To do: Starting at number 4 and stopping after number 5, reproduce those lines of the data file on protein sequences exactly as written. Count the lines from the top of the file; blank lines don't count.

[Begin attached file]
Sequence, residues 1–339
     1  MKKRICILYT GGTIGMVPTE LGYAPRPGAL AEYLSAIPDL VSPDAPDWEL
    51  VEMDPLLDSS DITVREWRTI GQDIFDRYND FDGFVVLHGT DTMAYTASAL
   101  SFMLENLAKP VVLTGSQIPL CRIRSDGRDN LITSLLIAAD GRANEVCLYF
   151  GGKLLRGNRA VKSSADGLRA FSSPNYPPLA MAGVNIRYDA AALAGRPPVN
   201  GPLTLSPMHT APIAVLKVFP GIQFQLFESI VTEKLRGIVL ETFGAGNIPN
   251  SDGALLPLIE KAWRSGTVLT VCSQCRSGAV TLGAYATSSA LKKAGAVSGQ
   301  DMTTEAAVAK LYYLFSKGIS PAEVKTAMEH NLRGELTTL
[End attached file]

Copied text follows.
   101  SFMLENLAKP VVLTGSQIPL CRIRSDGRDN LITSLLIAAD GRANEVCLYF
   151  GGKLLRGNRA VKSSADGLRA FSSPNYPPLA MAGVNIRYDA AALAGRPPVN